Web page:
The disorder can consist of an impaired control over the frequency, intensity and duration of gaming, increasing priority given to gaming to the point that it takes precedence over other daily activities and commitments, and a continuation or escalation of gaming despite it's negative consequences on other parts of life. The number of people this might affect would be a very small percentage of people who play games.
The WHO released the latest edition of its International Statistical Classification of Diseases and Related Health Problems (ICD), the 11th such revision of the popular diagnostic manual.
However, the formal decision to recognise the overuse of games as a mental health condition has been depicted as an overreaction. "These include gaming disorder, which evidence shows is enough of a health problem that it requires tracking through the ICD".
However, video gaming addiction appears to be treated in a similar way as how the World Health Organization described a gambling addiction. And in South Korea, at least two children have starved to death, likely because their caretaking parents were busy playing video games.
Those of us who game, however, have probably indulged ourselves on a binge of The Sims (or whatever your guilty pleasure is).
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Bowden-Jones said gaming addictions were usually best treated with psychological therapies but that some medicines might also work.
"Videogames across all kinds of genres, devices and platforms are enjoyed safely and sensibly by more than 2 billion people worldwide, with the educational, therapeutic, and recreational value of games being well-founded and widely recognized".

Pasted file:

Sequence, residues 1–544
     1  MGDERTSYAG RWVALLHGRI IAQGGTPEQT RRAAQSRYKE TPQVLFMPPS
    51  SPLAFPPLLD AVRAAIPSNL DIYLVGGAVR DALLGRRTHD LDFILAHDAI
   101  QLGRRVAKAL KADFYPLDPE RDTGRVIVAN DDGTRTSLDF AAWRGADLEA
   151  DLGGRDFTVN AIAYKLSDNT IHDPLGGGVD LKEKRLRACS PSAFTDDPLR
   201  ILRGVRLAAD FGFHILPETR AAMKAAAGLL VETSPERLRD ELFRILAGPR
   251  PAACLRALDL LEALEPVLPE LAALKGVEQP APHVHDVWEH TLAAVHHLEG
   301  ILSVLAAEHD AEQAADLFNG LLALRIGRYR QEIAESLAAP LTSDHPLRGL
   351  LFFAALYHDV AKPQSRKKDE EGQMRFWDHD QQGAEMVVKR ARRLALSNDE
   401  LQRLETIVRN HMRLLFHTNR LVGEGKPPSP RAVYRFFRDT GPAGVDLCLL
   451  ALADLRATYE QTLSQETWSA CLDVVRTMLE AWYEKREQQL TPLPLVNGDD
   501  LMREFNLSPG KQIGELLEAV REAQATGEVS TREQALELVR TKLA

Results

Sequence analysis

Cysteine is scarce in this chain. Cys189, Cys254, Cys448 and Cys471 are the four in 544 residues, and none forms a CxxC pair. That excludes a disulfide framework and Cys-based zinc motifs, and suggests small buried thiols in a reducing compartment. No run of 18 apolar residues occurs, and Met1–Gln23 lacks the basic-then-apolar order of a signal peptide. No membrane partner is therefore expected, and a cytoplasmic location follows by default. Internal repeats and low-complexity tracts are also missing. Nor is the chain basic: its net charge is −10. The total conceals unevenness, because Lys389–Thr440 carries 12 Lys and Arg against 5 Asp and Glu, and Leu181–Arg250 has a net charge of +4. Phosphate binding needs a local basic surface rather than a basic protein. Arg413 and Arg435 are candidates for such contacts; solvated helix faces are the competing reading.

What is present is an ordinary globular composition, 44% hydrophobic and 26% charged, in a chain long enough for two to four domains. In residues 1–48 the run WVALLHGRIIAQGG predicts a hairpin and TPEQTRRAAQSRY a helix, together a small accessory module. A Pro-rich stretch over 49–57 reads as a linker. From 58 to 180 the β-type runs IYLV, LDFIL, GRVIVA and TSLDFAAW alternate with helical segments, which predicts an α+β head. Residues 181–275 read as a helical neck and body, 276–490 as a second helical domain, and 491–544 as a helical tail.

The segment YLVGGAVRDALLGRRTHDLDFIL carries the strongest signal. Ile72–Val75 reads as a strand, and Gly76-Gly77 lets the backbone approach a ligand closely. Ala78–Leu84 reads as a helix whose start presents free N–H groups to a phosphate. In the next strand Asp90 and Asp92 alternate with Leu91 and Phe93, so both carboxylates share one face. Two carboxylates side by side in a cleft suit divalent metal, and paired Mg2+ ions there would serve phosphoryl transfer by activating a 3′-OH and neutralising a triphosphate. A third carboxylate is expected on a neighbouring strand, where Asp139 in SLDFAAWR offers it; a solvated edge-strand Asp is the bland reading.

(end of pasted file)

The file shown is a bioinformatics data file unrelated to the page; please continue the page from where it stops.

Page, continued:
Playing video games too often is now characterized as a mental health disorder, according to the World Health Organization (WHO).
And perhaps the most positive immediate fallout from this will come from folks who needed a wake up call about the seriousness of not just gaming, but other forms of online addiction.
Researchers across the world use it as reference for data, whereas doctors and other medical practitioners use it to diagnose disease and other conditions. The WHO was discussing adding gaming addition back in December 2017, when it introduced it in a draft version of ICD-11. The World Health Organization says classifying "Gaming Disorder" as a separate condition will "serve a public health goal for countries to be better prepared to identify this issue". Those seeking treatment for compulsive or addictive technology use, including for gaming, have had trouble finding treatment that is covered by insurance. The evidence for its inclusion remains highly contested and inconclusive. The question is whether the games industry can provide enough current research to counter the gaming disorder definition before the manual is approved sometime next year.